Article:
Signs of resilience in top-quartile managers
Our research shows that even the best managers have had to bounce back from periods of underperformance. Recently, for example, we used the eVestment database to look at the performance of active managers in the global core equity universe who had at least a trailing 10-year history (331 managers, 2012 – 2021). We evaluated their peer-universe-relative 10-year excess return rank (calculated using the MSCI All-Country World Index) to identify the top-quartile managers over the long term.
As shown in the dark-blue bars in Figure 1, 100% of these top-quartile managers experienced rolling one-year periods during which they lagged the median manager. Ninety-five percent did the same over rolling two-year periods, 82% over rolling three-year periods, 65% over rolling four-year periods, and so on.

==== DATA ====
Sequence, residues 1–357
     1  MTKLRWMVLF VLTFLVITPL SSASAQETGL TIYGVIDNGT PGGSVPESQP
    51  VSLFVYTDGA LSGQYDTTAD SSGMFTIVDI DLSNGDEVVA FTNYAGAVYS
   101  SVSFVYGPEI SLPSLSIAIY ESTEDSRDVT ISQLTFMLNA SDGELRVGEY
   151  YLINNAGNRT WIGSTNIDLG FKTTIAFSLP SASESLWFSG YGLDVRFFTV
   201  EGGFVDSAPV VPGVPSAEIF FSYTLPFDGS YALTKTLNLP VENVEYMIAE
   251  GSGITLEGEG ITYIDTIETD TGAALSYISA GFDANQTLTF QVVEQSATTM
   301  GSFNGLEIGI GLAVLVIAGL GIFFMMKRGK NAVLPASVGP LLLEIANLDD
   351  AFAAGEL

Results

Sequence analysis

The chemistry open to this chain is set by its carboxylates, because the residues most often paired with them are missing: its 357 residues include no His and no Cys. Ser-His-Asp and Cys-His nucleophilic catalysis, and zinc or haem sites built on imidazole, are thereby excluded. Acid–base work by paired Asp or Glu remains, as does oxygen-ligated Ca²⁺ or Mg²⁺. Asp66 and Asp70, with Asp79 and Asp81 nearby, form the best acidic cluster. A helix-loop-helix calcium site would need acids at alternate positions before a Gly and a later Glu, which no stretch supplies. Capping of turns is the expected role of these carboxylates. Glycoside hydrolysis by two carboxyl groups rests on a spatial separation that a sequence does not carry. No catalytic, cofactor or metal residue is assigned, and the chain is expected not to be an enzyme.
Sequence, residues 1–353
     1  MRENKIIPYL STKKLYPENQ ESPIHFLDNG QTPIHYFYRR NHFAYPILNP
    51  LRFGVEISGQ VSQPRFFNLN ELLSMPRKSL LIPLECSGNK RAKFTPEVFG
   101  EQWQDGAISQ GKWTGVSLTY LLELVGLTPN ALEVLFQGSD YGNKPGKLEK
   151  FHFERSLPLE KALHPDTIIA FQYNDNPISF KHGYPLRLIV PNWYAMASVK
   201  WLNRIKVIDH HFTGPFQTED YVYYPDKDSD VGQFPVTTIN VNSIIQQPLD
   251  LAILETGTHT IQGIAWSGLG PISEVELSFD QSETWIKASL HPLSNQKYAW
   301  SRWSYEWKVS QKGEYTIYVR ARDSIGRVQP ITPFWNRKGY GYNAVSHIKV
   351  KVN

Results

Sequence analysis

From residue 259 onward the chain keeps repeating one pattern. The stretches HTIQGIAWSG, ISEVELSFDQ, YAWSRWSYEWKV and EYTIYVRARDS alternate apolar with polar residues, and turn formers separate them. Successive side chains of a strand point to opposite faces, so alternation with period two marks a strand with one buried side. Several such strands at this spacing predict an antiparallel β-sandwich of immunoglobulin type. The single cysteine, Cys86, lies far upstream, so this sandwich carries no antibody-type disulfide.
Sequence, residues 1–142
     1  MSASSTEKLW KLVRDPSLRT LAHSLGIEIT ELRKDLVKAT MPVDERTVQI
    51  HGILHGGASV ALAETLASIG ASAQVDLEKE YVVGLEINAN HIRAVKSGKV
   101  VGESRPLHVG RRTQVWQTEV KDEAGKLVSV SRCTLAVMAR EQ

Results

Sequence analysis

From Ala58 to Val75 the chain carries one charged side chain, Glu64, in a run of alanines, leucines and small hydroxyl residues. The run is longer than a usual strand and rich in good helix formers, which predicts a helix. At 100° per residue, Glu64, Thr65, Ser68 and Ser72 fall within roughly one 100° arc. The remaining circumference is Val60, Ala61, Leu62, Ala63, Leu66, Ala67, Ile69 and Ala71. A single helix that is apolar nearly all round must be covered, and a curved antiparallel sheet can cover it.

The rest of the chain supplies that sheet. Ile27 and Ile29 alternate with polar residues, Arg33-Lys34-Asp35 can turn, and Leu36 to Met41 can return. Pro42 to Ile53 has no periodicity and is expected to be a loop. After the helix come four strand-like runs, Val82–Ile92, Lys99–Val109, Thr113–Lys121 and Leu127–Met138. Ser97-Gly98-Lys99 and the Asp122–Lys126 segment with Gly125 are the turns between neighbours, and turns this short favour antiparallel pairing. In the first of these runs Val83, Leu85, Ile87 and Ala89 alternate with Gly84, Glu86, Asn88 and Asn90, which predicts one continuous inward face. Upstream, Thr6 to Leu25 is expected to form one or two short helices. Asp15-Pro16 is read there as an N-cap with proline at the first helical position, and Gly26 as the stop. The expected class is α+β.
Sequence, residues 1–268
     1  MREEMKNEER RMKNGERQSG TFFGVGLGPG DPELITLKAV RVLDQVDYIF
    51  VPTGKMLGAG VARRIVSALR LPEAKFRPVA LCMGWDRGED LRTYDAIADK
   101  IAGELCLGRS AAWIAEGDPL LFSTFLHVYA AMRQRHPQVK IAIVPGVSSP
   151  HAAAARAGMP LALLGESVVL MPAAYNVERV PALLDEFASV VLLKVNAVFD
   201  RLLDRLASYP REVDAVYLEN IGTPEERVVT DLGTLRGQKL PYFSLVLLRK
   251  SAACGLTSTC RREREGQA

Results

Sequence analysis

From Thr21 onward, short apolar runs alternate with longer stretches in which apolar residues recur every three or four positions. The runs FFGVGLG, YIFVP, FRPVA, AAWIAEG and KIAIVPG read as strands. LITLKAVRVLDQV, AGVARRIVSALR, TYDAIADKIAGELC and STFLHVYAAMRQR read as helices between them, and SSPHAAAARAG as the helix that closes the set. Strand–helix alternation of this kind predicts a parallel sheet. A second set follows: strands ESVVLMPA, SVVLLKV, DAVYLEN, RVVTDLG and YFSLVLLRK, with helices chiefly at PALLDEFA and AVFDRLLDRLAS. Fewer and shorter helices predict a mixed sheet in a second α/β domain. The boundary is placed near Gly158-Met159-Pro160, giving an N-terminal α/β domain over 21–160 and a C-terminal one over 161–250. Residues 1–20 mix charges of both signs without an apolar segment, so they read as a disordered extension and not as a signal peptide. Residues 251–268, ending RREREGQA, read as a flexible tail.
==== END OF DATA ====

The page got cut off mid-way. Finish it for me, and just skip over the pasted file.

We also looked at how much time these top-quartile managers spent among the bottom-quartile of their peers (light-blue bars). Remarkably, 92% of the top-quartile managers in the long term spent at least a year in the bottom quartile, and nearly half were in the bottom quartile over some three-year period. In some cases, three years of bottom-quartile performance is enough to get a manager put on a watch list and fired, even though that’s probably not what you want to do with a manager that will end up in the top quartile.